A curated mix of articles about the world.

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Tuesday, Mar 10, 2020

Luxembourg is first country to make all public transport free

Luxembourg is to become the first country to offer a free public transport system, as the government tries to reduce particularly dense car traffic.

Monday, Mar 2, 2020

More Than Half the World's Population Lives Inside This Circle

In this week’s Maphead, Ken Jennings explores Valeriepieris circle, a 2,500-mile radius in Asia that contains half the world’s humans.

Monday, Feb 24, 2020

Paris Mayor: It's Time for a '15-Minute City'

In her re-election campaign, Mayor Anne Hidalgo says that every Paris resident should be able to meet their essential needs within a short walk or bike ride.

Friday, Dec 13, 2019

How Spices Have Made, and Unmade, Empires

From turmeric in Nicaragua to cardamom in Guatemala, nonnative ingredients are redefining trade routes and making unexpected connections across lands.

Wednesday, Oct 23, 2019

What happens when a city bans cars from its streets?

Many modern urban areas have been built around cars, with huge amounts of space set aside for roads and parking. But what happens when you take them out of the equation?

Friday, Sep 13, 2019

These are the world’s most liveable cities in 2019

The top 10 most liveable cities in the world, and their scores according to The Global Liveability Index 2019, are: Vienna, Austria (99.1) Melbourne, Australia (98.4) Sydney, Australia (98.1) Osaka, Japan (97.7) Calgary, Canada (97.5) Vancouver, Canada (97.3) Tokyo, Japan (97.2 tie) Toronto, Canada (97.2 tie) Copenhagen, Denmark (96.8) Adelaide, Australia (96.

Thursday, Nov 15, 2018

An Incredible Video of What It’s Like to Orbit the Earth for 90 Minutes

This is easily the most awe-inspiring and jaw-dropping thing I’ve seen in months. In its low Earth orbit ~250 miles above our planet, the International Space Station takes about 90 minutes to complete one orbit of the Earth. Fewer than 600 people have ever orbited our planet, but with this realtime video by Seán Doran, you can experience what it looks like from the vantage point of the IIS for the full 90 minutes.

Tuesday, Nov 14, 2017

For as Much as We Know About the World, There Are Still Dark Spots on the Map

A new atlas aims to surprise.

Friday, Oct 6, 2017

Passports for Cash: Citizens of anywhere

Globalisation has turned citizenship into a commodity. Matthew Valencia went shopping for a new passport and found bargains to be had.

Monday, Jun 5, 2017

Making sense of the world

Jan Chipchase is the founder of Studio D Radiodurans, a consultancy that’s perhaps like none other in the world. He and his team travel to the far edges of the earth on behalf of clients to immerse themselves in difficult environments and understand human behaviour. This week Jan shares lessons for travelling anywhere, making sense of the world and making a difference.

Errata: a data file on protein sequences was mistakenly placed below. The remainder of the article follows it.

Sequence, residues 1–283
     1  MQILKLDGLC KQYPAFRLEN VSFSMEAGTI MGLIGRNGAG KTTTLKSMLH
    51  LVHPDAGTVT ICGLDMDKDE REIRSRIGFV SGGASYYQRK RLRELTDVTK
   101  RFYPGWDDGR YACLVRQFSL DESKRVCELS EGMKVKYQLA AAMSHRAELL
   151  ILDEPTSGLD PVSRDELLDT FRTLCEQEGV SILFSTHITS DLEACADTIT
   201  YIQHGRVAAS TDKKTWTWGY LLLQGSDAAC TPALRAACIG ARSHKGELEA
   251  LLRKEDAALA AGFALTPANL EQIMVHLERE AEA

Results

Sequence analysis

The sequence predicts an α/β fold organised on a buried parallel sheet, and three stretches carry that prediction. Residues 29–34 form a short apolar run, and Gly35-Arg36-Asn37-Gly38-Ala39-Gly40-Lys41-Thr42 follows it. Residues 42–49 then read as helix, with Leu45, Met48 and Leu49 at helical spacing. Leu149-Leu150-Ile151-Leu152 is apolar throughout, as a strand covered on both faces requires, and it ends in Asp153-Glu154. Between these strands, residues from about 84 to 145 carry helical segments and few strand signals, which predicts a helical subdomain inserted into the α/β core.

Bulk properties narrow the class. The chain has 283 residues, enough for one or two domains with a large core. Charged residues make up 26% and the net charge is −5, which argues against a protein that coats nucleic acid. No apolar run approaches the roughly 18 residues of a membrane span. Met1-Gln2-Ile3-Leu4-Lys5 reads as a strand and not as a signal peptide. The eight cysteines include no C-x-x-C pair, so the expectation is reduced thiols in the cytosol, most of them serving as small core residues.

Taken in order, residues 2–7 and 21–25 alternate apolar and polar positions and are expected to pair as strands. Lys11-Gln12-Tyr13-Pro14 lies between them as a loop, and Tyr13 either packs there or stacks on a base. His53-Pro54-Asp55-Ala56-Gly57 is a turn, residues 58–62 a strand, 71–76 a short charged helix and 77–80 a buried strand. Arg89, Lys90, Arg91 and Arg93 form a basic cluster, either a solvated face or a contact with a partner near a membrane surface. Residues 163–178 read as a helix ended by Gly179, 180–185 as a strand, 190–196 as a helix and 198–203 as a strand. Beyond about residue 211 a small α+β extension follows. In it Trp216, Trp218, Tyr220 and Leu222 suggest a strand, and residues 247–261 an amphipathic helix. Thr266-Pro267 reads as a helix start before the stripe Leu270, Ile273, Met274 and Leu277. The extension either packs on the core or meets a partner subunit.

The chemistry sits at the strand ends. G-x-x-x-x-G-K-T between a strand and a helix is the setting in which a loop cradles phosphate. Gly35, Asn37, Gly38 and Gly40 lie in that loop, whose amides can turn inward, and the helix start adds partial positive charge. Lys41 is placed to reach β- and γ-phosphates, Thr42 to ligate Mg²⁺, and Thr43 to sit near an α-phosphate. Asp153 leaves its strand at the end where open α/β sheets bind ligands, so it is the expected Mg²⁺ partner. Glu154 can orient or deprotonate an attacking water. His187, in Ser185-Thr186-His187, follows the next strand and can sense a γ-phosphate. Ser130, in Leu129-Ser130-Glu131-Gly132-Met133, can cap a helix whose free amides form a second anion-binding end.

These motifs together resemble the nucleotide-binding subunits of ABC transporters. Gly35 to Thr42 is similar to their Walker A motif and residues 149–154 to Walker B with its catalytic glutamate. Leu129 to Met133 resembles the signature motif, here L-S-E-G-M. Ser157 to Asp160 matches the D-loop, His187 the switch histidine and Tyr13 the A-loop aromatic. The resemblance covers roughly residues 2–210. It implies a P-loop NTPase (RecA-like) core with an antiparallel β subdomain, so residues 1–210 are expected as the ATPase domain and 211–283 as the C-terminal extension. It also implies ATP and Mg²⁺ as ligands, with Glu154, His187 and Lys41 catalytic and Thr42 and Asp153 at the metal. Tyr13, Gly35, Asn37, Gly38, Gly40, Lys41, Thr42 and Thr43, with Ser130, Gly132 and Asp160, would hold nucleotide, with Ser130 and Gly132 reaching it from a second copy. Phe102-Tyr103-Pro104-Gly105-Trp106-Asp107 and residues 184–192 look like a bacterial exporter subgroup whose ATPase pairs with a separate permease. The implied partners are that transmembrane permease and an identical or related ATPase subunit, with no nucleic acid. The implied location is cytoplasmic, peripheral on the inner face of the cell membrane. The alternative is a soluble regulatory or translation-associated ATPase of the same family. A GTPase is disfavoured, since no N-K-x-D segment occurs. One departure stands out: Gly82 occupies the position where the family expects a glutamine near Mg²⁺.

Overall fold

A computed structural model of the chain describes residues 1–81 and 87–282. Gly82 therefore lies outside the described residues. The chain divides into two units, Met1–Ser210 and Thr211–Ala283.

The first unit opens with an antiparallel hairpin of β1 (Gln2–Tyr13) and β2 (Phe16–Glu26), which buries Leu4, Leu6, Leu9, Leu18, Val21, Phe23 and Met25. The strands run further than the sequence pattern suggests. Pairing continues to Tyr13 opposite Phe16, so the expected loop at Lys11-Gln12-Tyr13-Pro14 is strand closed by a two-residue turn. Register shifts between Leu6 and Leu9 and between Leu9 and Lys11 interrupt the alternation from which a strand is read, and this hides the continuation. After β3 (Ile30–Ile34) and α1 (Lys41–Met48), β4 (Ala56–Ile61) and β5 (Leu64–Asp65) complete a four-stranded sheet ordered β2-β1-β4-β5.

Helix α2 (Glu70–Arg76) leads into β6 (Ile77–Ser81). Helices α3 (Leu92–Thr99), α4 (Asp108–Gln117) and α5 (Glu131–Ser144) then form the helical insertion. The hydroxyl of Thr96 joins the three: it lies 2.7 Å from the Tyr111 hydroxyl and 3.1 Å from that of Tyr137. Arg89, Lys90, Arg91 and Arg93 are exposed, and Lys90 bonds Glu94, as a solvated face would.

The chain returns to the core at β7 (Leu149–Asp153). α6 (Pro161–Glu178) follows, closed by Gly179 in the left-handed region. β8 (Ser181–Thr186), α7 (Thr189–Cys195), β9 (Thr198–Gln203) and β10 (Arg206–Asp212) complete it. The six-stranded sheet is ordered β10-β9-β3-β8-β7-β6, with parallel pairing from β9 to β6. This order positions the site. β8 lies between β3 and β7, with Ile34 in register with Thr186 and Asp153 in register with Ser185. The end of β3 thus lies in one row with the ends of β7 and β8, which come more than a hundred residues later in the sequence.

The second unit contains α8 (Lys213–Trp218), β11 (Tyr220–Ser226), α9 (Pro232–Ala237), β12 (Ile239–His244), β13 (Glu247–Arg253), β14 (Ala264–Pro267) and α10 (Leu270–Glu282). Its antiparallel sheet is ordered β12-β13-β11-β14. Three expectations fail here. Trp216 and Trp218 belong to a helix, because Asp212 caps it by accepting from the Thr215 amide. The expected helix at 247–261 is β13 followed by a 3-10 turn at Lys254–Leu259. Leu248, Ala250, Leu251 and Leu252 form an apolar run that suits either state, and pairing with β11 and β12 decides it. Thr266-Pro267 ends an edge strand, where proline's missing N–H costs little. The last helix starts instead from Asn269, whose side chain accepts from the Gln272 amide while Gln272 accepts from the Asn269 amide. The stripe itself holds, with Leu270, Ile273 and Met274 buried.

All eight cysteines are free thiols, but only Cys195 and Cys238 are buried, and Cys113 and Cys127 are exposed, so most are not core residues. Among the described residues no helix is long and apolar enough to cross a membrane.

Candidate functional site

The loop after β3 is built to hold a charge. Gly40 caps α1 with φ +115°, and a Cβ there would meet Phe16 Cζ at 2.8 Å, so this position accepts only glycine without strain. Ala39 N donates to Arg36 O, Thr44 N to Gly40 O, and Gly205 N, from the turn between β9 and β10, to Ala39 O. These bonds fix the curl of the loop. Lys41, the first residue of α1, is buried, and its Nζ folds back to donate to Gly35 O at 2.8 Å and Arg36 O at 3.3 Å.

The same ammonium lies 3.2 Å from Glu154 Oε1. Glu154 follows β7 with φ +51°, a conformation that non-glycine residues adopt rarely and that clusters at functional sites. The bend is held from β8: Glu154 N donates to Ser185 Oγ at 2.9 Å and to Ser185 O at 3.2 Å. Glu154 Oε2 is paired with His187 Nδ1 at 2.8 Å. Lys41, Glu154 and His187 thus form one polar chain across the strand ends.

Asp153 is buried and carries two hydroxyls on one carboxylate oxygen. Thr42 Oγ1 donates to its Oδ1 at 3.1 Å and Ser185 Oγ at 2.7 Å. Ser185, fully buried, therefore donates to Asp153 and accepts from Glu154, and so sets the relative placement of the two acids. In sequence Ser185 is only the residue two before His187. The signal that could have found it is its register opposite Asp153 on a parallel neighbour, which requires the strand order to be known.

Thursday, Apr 20, 2017

Watch as the world's cities appear one-by-one over 6,000 years

Watch the rise of human cities, beginning with [arguably] the world’s first city in 3700 BC and continuing up to the present.

Friday, Dec 16, 2016

Human population through time

How we became more than 7 billion – humanity’s population explosion, visualised.

Friday, Sep 30, 2016

Countries where you can buy citizenship

A new global industry has been booming in recent years, as countries offer people the chance to acquire citizenship or residency.

Thursday, Jul 21, 2016

61 Glimpses of the Future

In the last five weeks I’ve travelled 7,000km overland through Kyrgyzstan, Tajikistan’s GBAO region and China’s western provinces. After a year of working flat out the journey was part vacation, a desire to fill in few gaps of my knowledge of the region and a Studio D assignment.

Monday, Jun 13, 2016

Six maps that will make you rethink the world

We don’t often question the typical world map that hangs on the walls of classrooms — a patchwork of yellow, pink and green that separates the world into more than 200 nations. But Parag Khanna, a global strategist, says that this map is, essentially, obsolete.

Friday, Feb 26, 2016

The radical plan to destroy time zones

Looking over this chaotic landscape, it’s reasonable to ask: Are time zones inherently flawed? That’s what Steve Hanke and Dick Henry think.

Monday, Feb 15, 2016

Why expat Americans are giving up their passports

According to the US Treasury, a record 4,279 individuals renounced their US citizenship or long-term residency in 2015 - an increase of 20% on the previous year, which was itself a record-breaking year. In 2010, just 1,006 gave up being US citizens, but since then the numbers have risen every year.

Friday, Feb 12, 2016

The Box That Built the Modern World

More than any other single innovation, the shipping container—there are millions out there, all just like the ones stacked on the Hong Kong Express but for a coat of paint and a serial number—epitomizes the enormity, sophistication, and importance of our modern transportation system. Invisible to most people, they’re fundamental to how practically everything in our consumer-driven lives works.

Wednesday, Feb 10, 2016

How the world went from 170 million people to 7.3 billion, in one map

Humanity has conquered the world. It’s hard to appreciate what that means, but the video above, by, shows just how incredible the growth and expansion of humanity has been over the past 2,000 years.

Wednesday, Dec 2, 2015

Leaky Ships: Ocean Carriers in the Age of Profitless Shipping

It costs $300 to move a 40-foot container from Rotterdam to Shanghai, which is barely enough to cover the cost of fuel, handling, and Suez Canal fees. Here’s some more context. Let’s say that you want to travel for a year; it’s cheaper to put your personal belongings in a shipping container as it sails around the world than to keep it at a local mini-storage facility.